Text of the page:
Florida Matters: DCF Secretary Says Child Fatalities Are Public Health Issue
Florida is on pace to have nearly as many child deaths this year as it did before the overhaul of its child welfare system last year. In about a quarter of those deaths, the Florida Department of Children and Families had prior contact with the family.
This week on Florida Matters (Tuesday, Nov. 3 at 6:30 p.m. and Sunday, Nov. 8 at 7:30 a.m.), we sit down with DCF Secretary Mike Carroll to discuss how the department is trying to do a better job protecting children.
MIKE CARROLL: We’ve got to get the conversation to a place where we start asking: why do we have so many parents in this state who do not have the capacity to parent for their kids, and why on earth do we have so many parents in this state that kill their children? Because until we begin understanding what’s driving that issue, all we’re doing in the department is providing Band-Aids. We’re responding, and we’re trying to keep kids safe, but we can’t remove every child.
As a result of the legislation that passed last year, our removal rates are up. We got a significant increase in our budget last year because our removal rates are up. When I say removal rates, I mean we’re taking more kids out of their homes and placing them in foster or adoptive homes.
CARSON COOPER: Is Florida an outlier among the states as far as these types of cases – parents who kill their kids, as you pointed out?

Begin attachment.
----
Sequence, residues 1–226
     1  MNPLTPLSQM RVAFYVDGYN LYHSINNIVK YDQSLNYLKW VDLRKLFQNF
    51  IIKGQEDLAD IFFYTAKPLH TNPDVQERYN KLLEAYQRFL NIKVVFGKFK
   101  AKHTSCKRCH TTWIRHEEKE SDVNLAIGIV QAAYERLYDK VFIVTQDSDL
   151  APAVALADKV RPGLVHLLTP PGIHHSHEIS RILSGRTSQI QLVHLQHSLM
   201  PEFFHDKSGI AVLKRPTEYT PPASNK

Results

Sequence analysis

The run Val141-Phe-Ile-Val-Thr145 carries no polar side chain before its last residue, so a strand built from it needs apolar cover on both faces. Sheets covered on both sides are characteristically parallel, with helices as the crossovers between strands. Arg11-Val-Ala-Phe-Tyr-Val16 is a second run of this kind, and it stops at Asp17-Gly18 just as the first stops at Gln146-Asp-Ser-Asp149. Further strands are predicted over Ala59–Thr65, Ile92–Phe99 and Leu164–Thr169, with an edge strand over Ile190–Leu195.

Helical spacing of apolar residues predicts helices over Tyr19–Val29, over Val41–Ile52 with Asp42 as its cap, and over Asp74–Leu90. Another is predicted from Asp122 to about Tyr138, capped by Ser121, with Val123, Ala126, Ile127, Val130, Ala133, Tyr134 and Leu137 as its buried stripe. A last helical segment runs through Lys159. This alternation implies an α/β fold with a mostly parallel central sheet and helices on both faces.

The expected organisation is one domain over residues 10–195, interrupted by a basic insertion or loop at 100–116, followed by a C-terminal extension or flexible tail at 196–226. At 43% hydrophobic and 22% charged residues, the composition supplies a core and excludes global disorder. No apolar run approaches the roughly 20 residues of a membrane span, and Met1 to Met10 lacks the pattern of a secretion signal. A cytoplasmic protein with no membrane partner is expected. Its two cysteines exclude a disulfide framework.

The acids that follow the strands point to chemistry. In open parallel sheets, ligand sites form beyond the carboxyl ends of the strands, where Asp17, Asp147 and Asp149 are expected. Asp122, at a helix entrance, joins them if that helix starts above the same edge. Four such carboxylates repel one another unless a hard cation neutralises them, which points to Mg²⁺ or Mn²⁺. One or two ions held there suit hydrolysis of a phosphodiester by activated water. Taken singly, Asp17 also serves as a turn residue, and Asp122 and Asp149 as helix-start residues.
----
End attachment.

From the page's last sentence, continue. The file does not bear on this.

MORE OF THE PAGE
CARROLL: That’s difficult to say. Another frustration of mine in child welfare is nothing is done the same around the country. Florida is very progressive in the way we track child fatalities. So for instance, if you looked at the child fatality website in Florida, we’re one of the only states – in fact, we’ve had several states come to us trying to emulate our child fatality website in their state to make it very public – but it’s clearly, if you look at our child fatality website, it clearly points to child fatalities as being a public health issue.
In the state of Florida, we get about 450 reports called into the hotline every year that involve a child fatality. 450. To me, that’s an outrageous number. But when you look at it more deeply, the leading cause of death is unsafe sleep, where there was not an intentional act. It was either a parent co-slept with a baby, or they were put in an unsafe crib or they were put on a couch. There are times when folks co-sleep with a child and they are on substances. To me, that’s neglectful. To me, that should be a crime. That’s no different to me than driving under the influence. Second leading cause of death in Florida is child drowning. Some of that is directly associated with minimal parent oversight and supervision, and the third leading cause of death for children called into the hotline is SIDS (Sudden Infant Death Syndrome) or some other natural cause of death. I say that because if you go and you compare our child fatalities numbers with our states, most states don’t report those type deaths to their hotline. There has to be abuse and neglect, so a lot of times when other states report, they only report out on inflicted trauma deaths.
COOPER: So it is hard to tell, but as you pointed out, one is too many.
CARROLL: One is too many; 450 to me is an absolute red flag for this state that we have a public health issue around children and child deaths in this state.